The east-side neighborhood around the church seems tame enough. The small, rustic building blends into its surroundings, as in a portrait. The distinctive, aged homes crowd one another. The streets are too narrow for fast traffic, so the birds are easily heard. In summer, green, leafy trees block the sun, but not the breeze. They provide a sense of containment, of security.

Fourth Presbyterian stands at the edge of Shadyside, one of the city’s wealthiest communities. But just two blocks away is Garfield Hill, one of the city’s poorest sections.

Behind the church’s closed doors lie the insecurities that accompany economic decline. The nickname “Steel City” is almost a cruel joke. Pittsburgh’s transition to a white-collar economy has meant the loss of thousands of jobs.

The effects of such decline are never subtle. “People go home and drink,” says Stobaugh. “They turn to drugs, they abuse one another in the home. In our neighborhood we have all the problems.”

Some 70 percent of the church’s parishioners are on public assistance. But church members also include a former vice-president of National Steel and a computer programmer with a six-figure income. “It reminds me of the early church,” says member David Steele, orthopedic specialist for the Pittsburgh Steelers. “It’s a very strange mixture. But we’re all drawn together by the love of Christ.”

This love has reached out. Fourth provides volunteers for a food closet and soup kitchen. A friend of the church, an executive with Nabisco, keeps them supplied with cookies. Another friend, a minister with a Ph.D. in psychology, uses Stobaugh’s office two nights a week to do free family and marital counseling.

Stobaugh coordinates an outreach to interracial families. The church is used by a Narcotics Anonymous chapter; hundreds attend meetings two nights a week. In winter, homeless people sleep in the basement.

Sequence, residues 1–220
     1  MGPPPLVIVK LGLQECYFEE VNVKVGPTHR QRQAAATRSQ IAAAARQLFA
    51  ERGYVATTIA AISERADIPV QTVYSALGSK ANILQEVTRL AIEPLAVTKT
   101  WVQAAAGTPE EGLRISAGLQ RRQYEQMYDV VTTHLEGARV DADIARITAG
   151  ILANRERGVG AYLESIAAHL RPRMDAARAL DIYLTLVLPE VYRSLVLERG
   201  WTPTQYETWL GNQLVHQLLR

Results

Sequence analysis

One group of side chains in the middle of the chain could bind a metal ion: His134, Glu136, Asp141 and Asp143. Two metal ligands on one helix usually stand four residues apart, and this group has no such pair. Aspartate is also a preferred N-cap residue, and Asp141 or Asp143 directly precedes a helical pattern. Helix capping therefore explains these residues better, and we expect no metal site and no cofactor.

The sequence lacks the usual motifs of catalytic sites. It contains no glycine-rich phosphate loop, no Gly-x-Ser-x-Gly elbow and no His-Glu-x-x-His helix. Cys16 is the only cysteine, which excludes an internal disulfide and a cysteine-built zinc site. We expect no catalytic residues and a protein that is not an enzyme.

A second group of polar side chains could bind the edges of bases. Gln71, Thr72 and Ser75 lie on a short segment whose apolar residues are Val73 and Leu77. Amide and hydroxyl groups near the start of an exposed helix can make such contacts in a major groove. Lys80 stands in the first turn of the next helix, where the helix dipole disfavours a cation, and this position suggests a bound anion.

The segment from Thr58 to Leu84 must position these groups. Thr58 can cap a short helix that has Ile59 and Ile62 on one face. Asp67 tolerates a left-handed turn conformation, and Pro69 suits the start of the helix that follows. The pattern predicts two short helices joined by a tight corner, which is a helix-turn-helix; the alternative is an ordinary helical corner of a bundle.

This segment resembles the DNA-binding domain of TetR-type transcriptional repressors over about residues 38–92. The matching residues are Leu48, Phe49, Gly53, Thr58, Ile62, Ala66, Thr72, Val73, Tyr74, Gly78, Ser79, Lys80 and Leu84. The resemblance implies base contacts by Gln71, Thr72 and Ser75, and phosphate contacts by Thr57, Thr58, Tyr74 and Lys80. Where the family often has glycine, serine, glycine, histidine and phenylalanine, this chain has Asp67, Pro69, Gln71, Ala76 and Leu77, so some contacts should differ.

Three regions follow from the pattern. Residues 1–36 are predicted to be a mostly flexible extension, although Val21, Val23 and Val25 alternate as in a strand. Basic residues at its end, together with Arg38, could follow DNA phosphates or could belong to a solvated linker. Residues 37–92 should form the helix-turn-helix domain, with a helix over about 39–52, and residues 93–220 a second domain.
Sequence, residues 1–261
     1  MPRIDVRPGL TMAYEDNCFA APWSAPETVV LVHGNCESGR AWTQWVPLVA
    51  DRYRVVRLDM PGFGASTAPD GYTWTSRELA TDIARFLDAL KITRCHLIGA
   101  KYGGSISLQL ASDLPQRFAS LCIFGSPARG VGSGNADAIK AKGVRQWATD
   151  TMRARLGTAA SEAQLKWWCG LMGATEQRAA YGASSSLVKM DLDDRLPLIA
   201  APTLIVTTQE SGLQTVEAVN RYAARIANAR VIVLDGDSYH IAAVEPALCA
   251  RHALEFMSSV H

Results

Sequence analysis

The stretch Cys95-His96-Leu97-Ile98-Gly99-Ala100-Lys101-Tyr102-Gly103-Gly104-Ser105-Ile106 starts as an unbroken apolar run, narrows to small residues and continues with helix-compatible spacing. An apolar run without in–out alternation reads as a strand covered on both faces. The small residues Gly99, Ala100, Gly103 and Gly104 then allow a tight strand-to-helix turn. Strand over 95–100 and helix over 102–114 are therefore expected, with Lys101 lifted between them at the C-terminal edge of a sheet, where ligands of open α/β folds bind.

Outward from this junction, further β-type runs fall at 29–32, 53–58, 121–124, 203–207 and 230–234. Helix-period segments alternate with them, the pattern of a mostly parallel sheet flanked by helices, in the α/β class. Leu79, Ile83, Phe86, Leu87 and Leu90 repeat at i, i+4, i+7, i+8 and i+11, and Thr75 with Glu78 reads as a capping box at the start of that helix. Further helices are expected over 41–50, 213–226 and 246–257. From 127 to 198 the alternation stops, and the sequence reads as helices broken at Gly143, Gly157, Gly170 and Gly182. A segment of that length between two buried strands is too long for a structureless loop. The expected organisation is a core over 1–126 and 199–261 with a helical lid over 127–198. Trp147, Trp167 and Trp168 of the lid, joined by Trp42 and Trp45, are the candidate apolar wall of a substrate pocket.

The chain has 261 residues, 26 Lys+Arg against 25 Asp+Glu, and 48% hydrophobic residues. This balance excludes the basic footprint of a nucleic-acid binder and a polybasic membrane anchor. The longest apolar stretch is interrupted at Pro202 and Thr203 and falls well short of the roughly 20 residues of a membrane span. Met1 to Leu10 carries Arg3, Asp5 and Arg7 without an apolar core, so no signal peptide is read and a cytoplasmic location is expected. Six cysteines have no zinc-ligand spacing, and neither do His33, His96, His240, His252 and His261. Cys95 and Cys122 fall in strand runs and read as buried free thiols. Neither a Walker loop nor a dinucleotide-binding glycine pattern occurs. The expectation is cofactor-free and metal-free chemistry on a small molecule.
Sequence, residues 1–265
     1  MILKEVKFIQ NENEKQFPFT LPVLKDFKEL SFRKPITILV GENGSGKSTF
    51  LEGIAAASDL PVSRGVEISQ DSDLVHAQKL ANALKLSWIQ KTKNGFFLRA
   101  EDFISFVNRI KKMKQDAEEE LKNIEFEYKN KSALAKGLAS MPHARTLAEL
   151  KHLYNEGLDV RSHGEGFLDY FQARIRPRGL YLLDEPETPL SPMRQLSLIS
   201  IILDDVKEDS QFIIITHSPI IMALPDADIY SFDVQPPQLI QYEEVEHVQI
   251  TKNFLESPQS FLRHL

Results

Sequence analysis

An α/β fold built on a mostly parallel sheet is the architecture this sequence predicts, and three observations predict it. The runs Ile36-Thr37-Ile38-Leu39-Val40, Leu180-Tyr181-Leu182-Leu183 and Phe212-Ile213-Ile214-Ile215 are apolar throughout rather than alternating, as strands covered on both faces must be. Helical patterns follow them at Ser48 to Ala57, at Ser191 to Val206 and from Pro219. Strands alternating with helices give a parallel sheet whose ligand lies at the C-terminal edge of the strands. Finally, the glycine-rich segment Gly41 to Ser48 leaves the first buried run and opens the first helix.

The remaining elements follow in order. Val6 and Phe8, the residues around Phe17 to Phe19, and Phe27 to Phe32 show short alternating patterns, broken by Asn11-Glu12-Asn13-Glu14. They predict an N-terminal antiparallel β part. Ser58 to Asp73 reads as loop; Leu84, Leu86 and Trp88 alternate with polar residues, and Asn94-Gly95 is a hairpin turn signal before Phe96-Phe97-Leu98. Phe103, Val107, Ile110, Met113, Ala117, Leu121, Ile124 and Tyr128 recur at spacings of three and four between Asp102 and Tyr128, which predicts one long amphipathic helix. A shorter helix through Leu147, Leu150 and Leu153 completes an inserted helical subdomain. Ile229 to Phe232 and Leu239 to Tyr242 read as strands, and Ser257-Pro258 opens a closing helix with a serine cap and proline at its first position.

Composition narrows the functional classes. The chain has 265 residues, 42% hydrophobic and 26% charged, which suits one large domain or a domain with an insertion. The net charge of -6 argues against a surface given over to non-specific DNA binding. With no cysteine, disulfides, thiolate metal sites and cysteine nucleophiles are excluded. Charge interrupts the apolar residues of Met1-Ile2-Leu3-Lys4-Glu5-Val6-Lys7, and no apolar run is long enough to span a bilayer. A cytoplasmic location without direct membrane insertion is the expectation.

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Working with an organization called Jubilee Housing, volunteers from Fourth Presbyterian restore abandoned houses in Garfield. Poor people then buy these houses for whatever monthly payments they can afford. A lot of the work is done by young people Stobaugh refers to as “Joe’s kids.”

“Joe” is Joe Bellante, Fourth Presbyterian’s “street worker.” He was formerly employed by organized crime—“an enforcer type,” he says. “I made sure people paid their bills.” He once held the barrel of a gun in another man’s mouth and considered it routine.

Bellante now supervises weightlifting clubs at local high schools. He holds Bible studies with students. On Wednesday evenings more than a hundred of “Joe’s kids” gather to sing, worship, and pray.

Stobaugh says Bellante’s unorthodox and disorganized style “bugs the dickens out of the Presbyterian in me. But I have to understand that I like to go by the book and he’s a street person. I can’t argue with results.”

He and Bellante, with the other people who make up Fourth Presbyterian Church, worship and work in less than ideal conditions. Sometimes Stobaugh wonders if he’s “been there” too long. He struggles with his own attitudes of cynicism and sarcasm about comfortable suburban churches. He craves fellowship with other urban pastors. But his commitment has stayed firm. Twice in its history, Fourth Presbyterian has relocated away from urban dilapidation, toward suburban comfort. Stobaugh doesn’t want it to happen again. “We’ll die before we move out, if I have anything to do with it.”

By Randall L. Frame